A WARRANT has been carried out at a public house in Newcastle Emlyn under the Misuse of Drugs Act.
On Sunday (June 24) The Bunch of Grapes pub was searched and a quantity of drugs was found on various individuals.
All drugs were seized, including cannabis, and tablets believed to be diazepam, and interviews are set to be carried out with the individuals concerned.
Diazepam, also known as Valium, is increasingly prevalent in west Wales, with a rise in reported cases and greater accessibility in the market for prescription highs, with tablets of ‘Street Valium’ costing as little as 50 pence each.
Diazepam is a medicine of the benzodiazepine family that typically produces a calming effect. It can be taken orally, as well as via suppository and intravenous therapy. In the UK, Diazepam is classified as a controlled drug, listed under Schedule IV, Part I of the Misuse of Drugs Regulations 2001, allowing possession with a valid prescription.
The Misuse of Drugs Act 1971 makes possession without prescription, and in such circumstances, it has been classified as a Class C drug since 1985.
When The Herald attempted to make contact with The Bunch of Grapes for a statement, they declined to comment.
Temporary Inspector Adam Cann said: “The message from the community is clear – illegal drugs cause misery and they need to be taken off the streets. Action today was in response to concerns raised within the community.
“I encourage anyone with any information or concerns about drug misuse to contact us – as you’ve seen, we will take action.”
Anyone with information about the use or supply of drugs can contact police on 101.
If you are deaf, hard of hearing or speech impaired, text the non-emergency number on 07811 311908. Alternatively, call Crimestoppers anonymously on 0800 555 111.
Police investigating sudden death of three-year-old
DYFED-POWYS POLICE is investigating the sudden death of a three-year-old child.
At approximately 4.25pm on Sunday (Oct 21) police received a report of a collision involving a child and a vehicle at a private property near Llanybydder.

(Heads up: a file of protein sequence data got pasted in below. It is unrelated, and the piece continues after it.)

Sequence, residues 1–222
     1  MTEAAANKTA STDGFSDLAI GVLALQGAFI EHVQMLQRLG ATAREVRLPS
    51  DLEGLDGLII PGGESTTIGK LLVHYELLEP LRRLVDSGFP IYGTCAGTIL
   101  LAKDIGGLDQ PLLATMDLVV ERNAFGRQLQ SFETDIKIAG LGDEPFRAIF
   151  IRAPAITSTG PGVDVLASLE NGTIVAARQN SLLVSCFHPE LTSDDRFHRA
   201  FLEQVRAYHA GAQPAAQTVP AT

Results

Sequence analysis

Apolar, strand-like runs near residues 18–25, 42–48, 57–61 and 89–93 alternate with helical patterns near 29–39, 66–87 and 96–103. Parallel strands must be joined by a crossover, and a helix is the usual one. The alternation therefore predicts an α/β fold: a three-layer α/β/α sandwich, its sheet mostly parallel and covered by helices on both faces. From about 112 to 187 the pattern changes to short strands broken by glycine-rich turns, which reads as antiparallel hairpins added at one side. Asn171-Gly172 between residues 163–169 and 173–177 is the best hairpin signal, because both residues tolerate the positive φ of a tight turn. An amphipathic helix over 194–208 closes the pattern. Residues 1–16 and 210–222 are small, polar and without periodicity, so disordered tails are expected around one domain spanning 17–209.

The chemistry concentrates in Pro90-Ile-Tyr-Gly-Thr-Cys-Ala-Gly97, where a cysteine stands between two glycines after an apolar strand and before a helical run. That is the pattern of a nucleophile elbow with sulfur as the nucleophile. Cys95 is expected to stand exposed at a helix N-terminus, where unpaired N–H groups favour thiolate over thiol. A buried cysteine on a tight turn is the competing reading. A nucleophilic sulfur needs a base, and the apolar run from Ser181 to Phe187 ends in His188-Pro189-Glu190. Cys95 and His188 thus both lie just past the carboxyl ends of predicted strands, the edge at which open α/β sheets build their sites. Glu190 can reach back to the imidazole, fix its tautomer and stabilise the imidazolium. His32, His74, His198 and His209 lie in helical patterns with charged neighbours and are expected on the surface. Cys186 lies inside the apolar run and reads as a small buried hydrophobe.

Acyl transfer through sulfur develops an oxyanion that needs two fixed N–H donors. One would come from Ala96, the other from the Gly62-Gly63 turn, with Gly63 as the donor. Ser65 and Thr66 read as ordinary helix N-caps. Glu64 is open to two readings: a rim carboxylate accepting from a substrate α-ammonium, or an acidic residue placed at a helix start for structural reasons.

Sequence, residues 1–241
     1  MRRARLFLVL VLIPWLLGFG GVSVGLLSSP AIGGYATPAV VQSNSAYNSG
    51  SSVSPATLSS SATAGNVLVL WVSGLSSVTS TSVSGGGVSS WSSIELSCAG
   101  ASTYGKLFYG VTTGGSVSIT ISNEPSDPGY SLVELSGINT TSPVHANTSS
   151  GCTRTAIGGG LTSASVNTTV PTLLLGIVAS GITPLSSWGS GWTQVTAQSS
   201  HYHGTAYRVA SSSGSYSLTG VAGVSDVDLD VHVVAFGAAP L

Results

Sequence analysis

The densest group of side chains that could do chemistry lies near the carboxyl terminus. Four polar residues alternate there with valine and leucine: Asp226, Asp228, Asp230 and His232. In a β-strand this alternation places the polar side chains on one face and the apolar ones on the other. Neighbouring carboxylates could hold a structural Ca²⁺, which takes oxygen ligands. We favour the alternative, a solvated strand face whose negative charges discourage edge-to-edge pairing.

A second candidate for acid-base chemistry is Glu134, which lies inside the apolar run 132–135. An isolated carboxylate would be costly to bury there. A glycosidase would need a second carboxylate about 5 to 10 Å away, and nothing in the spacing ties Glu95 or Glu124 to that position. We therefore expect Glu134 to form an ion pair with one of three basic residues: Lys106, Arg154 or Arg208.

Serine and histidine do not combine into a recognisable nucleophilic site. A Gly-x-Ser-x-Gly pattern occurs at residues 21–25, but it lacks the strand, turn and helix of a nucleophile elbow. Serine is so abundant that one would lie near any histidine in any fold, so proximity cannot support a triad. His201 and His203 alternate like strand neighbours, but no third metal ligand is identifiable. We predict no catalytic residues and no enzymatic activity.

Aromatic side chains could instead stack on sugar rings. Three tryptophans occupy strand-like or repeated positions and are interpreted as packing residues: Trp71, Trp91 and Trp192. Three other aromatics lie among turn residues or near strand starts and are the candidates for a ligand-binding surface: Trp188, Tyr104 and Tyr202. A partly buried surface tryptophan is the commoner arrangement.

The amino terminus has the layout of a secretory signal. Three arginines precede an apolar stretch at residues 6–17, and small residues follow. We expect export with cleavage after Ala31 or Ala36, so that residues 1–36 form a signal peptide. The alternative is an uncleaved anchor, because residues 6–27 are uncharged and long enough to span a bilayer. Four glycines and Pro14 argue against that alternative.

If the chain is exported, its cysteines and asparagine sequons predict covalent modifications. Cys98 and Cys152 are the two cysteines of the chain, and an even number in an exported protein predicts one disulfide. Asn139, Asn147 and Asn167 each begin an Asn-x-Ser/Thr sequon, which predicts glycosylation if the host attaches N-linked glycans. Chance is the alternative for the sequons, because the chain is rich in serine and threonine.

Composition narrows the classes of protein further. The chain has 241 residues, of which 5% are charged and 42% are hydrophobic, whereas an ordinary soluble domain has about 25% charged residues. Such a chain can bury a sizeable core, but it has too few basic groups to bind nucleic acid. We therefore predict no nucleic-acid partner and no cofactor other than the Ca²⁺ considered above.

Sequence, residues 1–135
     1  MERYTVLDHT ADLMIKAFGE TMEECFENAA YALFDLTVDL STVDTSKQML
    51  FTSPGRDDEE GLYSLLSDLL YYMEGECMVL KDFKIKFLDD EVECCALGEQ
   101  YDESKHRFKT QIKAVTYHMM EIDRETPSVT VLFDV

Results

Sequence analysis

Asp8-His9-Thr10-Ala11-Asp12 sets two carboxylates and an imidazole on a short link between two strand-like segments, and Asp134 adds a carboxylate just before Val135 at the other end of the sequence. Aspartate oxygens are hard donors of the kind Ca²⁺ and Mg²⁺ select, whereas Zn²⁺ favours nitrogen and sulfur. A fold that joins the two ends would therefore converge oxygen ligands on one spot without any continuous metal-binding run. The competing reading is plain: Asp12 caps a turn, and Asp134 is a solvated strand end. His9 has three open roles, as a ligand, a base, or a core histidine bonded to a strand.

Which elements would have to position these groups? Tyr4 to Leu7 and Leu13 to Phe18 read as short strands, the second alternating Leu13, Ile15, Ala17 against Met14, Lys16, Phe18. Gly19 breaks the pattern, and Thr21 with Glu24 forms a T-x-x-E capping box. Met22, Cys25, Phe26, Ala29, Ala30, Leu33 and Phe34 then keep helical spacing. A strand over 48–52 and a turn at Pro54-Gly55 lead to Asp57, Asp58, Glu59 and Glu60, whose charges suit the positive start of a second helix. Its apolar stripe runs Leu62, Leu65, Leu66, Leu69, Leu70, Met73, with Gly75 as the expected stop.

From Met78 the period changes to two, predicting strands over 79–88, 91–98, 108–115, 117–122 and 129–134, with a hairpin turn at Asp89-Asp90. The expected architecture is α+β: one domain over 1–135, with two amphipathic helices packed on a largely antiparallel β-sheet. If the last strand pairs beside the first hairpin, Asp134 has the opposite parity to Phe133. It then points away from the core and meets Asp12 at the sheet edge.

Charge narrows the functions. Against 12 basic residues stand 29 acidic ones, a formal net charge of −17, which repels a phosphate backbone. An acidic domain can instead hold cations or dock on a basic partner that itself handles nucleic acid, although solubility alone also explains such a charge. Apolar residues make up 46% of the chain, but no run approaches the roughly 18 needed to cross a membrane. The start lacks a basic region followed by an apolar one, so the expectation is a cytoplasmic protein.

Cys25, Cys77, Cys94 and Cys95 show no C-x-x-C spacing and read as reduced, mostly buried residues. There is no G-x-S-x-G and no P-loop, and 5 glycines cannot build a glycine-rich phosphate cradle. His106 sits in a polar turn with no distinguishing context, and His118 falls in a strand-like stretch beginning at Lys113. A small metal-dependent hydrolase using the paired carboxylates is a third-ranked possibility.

Tragically, the child died at the scene.
A police spokesperson said: “Our thoughts are with the family, who are being supported by specially trained officers.
“Enquiries are ongoing. H.M. Coroner and the Health and Safety Executive are aware.”
Council staff show their support for Shwmae Su’mae Day
SHWMAE Su’mae day was celebrated throughout Wales on Monday, 15 October to encourage people to start every conversation with ‘Shwmae’ or ‘Su’mae’! To mark the day this year, staff at Ceredigion County Council held a cookery competition during its weekly ‘Clwb Cinio Cymraeg’ session (Welsh Lunch Club).
‘Clwb Cinio Cymraeg’ is the Council’s new sessions that give staff who are learning Welsh a chance to meet and practice their Welsh in an informal setting. Shwmae Su’mae day aims to show that the Welsh language belongs to us all – fluent speakers, learners or those shy about their Welsh.
Huw Owen is the Council’s new Work Welsh Training Officer and teaches Welsh in the Workplace lessons to Council staff on different stages of their journey in developing their fluency in the Welsh language. Huw established the successful Clwb Cinio Cymraeg earlier this year and said, “The Clwb Cinio Cymraeg is a vital part of Ceredigion County Council’s Work Welsh teaching provision. Language is a communal phenomenon, and the informal learning opportunities provided by the Clwb Cinio gives the Council’s learners the opportunity to take their Welsh beyond the more formal world of the classroom and become a Welsh language community. The success of the baking competition on Shwmae Su’mae Day is testament to the Council’s learners’ commitment and enthusiasm for learning Welsh as a language through which they can work, live, and have fun.”
Last year, 125 staff members were recognised for their dedication to learn the language by attending regular classes. Staff this year are able to continue receiving Welsh in the Workplace lessons, alongside additional opportunities to practice the language through the Clwb Cinio Cymraeg and Ffrind Iaith (Language Buddy scheme). Ffrind Iaith is where Welsh-learners are paired with a Welsh-speaker mentor within the work setting.